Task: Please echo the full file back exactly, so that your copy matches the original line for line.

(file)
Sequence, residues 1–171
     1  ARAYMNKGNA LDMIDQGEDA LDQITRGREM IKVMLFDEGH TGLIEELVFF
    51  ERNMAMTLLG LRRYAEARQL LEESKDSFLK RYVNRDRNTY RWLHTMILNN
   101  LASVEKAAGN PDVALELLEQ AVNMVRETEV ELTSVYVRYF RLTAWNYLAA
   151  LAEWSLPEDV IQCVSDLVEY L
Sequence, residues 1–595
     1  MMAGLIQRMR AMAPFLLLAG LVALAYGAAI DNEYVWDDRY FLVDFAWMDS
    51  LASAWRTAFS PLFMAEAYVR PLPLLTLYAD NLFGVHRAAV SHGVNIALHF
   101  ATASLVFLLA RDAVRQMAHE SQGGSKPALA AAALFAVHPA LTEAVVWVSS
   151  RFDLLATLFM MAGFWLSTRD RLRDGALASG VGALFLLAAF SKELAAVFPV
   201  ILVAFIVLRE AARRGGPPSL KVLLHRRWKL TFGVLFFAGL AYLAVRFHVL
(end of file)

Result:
Sequence, residues 1–171
     1  ARAYMNKGNA LDMIDQGEDA LDQITRGREM IKVMLFDEGH TGLIEELVFF
    51  ERNMAMTLLG LRRYAEARQL LEESKDSFLK RYVNRDRNTY RWLHTMILNN
   101  LASVEKAAGN PDVALELLEQ AVNMVRETEV ELTSVYVRYF RLTAWNYLAA
   151  LAEWSLPEDV IQCVSDLVEY L
Sequence, residues 1–595
     1  MMAGLIQRMR AMAPFLLLAG LVALAYGAAI DNEYVWDDRY FLVDFAWMDS
    51  LASAWRTAFS PLFMAEAYVR PLPLLTLYAD NLFGVHRAAV SHGVNIALHF
   101  ATASLVFLLA RDAVRQMAHE SQGGSKPALA AAALFAVHPA LTEAVVWVSS
   151  RFDLLATLFM MAGFWLSTRD RLRDGALASG VGALFLLAAF SKELAAVFPV
   201  ILVAFIVLRE AARRGGPPSL KVLLHRRWKL TFGVLFFAGL AYLAVRFHVL